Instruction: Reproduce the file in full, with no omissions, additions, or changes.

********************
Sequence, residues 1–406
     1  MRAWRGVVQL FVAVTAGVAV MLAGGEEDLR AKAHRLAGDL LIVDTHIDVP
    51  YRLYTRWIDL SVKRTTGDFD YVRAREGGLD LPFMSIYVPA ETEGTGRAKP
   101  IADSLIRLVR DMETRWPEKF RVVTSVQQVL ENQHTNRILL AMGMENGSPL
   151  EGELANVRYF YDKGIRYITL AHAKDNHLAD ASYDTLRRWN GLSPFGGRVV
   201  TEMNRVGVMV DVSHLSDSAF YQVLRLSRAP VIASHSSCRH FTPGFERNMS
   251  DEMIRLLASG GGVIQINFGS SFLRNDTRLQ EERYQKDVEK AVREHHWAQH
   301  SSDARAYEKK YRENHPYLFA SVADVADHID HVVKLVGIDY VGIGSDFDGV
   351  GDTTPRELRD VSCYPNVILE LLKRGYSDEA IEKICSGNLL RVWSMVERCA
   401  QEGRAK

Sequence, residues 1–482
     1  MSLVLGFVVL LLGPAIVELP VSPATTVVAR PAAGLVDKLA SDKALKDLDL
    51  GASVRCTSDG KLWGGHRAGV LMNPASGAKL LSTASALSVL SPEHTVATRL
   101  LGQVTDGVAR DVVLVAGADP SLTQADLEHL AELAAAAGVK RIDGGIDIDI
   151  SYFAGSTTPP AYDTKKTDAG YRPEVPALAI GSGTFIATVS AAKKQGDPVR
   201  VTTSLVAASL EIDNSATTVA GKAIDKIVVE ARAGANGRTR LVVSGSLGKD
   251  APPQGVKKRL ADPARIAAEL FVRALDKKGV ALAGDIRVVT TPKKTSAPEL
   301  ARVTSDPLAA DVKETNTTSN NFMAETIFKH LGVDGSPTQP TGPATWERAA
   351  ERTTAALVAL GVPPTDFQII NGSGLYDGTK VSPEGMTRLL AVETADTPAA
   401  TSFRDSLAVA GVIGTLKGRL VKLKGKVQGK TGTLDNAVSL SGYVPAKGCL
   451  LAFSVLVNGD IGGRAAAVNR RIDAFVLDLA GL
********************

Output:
Sequence, residues 1–406
     1  MRAWRGVVQL FVAVTAGVAV MLAGGEEDLR AKAHRLAGDL LIVDTHIDVP
    51  YRLYTRWIDL SVKRTTGDFD YVRAREGGLD LPFMSIYVPA ETEGTGRAKP
   101  IADSLIRLVR DMETRWPEKF RVVTSVQQVL ENQHTNRILL AMGMENGSPL
   151  EGELANVRYF YDKGIRYITL AHAKDNHLAD ASYDTLRRWN GLSPFGGRVV
   201  TEMNRVGVMV DVSHLSDSAF YQVLRLSRAP VIASHSSCRH FTPGFERNMS
   251  DEMIRLLASG GGVIQINFGS SFLRNDTRLQ EERYQKDVEK AVREHHWAQH
   301  SSDARAYEKK YRENHPYLFA SVADVADHID HVVKLVGIDY VGIGSDFDGV
   351  GDTTPRELRD VSCYPNVILE LLKRGYSDEA IEKICSGNLL RVWSMVERCA
   401  QEGRAK

Sequence, residues 1–482
     1  MSLVLGFVVL LLGPAIVELP VSPATTVVAR PAAGLVDKLA SDKALKDLDL
    51  GASVRCTSDG KLWGGHRAGV LMNPASGAKL LSTASALSVL SPEHTVATRL
   101  LGQVTDGVAR DVVLVAGADP SLTQADLEHL AELAAAAGVK RIDGGIDIDI
   151  SYFAGSTTPP AYDTKKTDAG YRPEVPALAI GSGTFIATVS AAKKQGDPVR
   201  VTTSLVAASL EIDNSATTVA GKAIDKIVVE ARAGANGRTR LVVSGSLGKD
   251  APPQGVKKRL ADPARIAAEL FVRALDKKGV ALAGDIRVVT TPKKTSAPEL
   301  ARVTSDPLAA DVKETNTTSN NFMAETIFKH LGVDGSPTQP TGPATWERAA
   351  ERTTAALVAL GVPPTDFQII NGSGLYDGTK VSPEGMTRLL AVETADTPAA
   401  TSFRDSLAVA GVIGTLKGRL VKLKGKVQGK TGTLDNAVSL SGYVPAKGCL
   451  LAFSVLVNGD IGGRAAAVNR RIDAFVLDLA GL